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PUMA

Scientific name: Puma concolor (Linnaeus, 1771)

Common name: Puma in Brazil: Suçuarana, onça-parda, onça-vermelha );

Behavior: crepuscular-nocturnal (mainly) and diurnal, terrestrial, solitary;

Habitat: savanna, dry shrubland, savanna wetland, but mainly in tropical and subtropical forests (including riverine forests), both primary and secondary.

Diet: Carnivore, mainly small vertebrates: rodents, birds and lizards, but they can feed on larger animals like deer and hog.

Geographic distribution: from west of Canada to the extreme south of the South-American continent (except the Andes). They occur in all regions in Brazil, with the exception of the south of Rio Grande do Sul.

Breeding: gestation period is 70 to 90 days, the average litter is 2 (1-6).

Description: The second largest feline species in Brazil. The body is long and slim, with an average length of 108 cm (90-153 cm), and a long tail averaging 61cm (46-81 cm). Adult males are heavier (55-65kg) than females (35-45 kg). The coat is uniformly colored, ranging from light yellow to dark reddish-brown. Kitten coat is quite dense, with round dark spots that disappear when they reach six months of age.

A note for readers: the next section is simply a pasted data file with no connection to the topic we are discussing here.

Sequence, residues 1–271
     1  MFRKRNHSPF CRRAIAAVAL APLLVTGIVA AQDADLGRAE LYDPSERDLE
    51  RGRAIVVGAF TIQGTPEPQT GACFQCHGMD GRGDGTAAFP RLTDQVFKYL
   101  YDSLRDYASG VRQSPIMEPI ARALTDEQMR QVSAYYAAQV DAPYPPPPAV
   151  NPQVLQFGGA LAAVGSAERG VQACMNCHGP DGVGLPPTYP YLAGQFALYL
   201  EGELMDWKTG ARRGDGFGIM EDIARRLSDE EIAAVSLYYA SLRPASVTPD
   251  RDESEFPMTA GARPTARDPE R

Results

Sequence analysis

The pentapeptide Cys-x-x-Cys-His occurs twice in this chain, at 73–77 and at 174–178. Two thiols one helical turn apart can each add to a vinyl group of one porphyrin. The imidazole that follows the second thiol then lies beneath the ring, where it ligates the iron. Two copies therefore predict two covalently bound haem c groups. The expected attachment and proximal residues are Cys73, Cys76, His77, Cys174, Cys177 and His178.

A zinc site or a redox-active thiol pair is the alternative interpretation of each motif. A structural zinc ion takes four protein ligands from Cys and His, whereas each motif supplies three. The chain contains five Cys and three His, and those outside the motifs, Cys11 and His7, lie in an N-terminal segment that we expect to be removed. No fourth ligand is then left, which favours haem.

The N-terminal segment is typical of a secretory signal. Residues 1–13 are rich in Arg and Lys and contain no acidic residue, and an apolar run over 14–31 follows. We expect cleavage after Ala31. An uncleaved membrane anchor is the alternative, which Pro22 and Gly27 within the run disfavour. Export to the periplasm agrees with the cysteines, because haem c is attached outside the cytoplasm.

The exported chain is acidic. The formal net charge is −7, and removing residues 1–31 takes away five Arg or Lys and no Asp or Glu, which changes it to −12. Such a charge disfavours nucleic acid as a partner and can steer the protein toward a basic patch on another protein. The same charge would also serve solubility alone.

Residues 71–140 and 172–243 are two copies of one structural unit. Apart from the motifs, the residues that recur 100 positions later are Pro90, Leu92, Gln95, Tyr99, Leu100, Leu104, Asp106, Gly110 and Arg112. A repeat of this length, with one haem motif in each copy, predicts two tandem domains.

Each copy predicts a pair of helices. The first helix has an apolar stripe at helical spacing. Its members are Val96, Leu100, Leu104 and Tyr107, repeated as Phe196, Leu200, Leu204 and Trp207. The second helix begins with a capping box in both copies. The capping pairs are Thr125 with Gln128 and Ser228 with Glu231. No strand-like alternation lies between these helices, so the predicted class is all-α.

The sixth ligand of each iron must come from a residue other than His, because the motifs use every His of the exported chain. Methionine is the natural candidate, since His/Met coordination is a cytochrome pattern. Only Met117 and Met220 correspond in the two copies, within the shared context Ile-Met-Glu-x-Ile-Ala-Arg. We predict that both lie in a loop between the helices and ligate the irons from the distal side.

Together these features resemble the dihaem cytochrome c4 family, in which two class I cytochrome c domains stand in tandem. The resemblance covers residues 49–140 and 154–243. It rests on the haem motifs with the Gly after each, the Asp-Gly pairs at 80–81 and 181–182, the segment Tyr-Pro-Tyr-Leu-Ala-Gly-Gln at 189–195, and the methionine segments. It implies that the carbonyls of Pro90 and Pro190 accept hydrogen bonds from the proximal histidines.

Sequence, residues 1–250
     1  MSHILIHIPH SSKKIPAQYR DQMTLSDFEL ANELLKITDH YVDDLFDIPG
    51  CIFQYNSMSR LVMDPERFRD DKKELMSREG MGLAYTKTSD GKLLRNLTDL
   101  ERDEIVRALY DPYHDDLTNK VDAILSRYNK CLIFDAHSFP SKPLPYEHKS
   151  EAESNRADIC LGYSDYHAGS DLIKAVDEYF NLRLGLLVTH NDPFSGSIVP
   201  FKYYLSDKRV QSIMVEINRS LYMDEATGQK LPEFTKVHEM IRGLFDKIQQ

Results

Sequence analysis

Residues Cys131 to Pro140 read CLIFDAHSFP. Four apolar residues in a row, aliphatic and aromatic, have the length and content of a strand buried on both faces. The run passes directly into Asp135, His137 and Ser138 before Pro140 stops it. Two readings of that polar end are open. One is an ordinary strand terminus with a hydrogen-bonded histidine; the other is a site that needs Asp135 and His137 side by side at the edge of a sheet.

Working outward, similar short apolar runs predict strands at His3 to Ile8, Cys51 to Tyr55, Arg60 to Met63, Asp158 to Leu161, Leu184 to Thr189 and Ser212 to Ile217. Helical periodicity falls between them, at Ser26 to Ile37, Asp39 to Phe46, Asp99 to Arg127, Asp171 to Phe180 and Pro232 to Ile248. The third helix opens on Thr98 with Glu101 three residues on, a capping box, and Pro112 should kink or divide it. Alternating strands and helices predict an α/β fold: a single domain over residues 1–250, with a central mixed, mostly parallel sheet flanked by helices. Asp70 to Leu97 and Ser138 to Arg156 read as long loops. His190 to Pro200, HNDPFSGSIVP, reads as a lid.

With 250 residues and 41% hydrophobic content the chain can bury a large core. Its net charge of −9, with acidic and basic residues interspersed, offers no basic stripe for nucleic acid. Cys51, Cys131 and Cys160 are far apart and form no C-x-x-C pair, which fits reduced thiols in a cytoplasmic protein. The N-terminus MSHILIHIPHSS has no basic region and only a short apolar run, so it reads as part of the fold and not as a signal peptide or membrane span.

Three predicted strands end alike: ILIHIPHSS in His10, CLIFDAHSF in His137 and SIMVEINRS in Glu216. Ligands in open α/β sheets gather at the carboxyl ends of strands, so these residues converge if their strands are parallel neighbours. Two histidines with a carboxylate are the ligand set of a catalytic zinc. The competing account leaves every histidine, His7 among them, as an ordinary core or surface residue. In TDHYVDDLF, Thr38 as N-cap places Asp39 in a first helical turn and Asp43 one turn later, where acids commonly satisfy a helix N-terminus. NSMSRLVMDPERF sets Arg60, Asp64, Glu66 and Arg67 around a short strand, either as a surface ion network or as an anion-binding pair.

Status: On IBAMA’s Official List of Endangered Brazilian Mammals, CITES appendix II;

Main Threats: Altered habitat, scarce prey availability. Ranchers tend to consider pumas as a threat to livestock. Pumas are vulnerable because they return to their kills, which can be poisoned.

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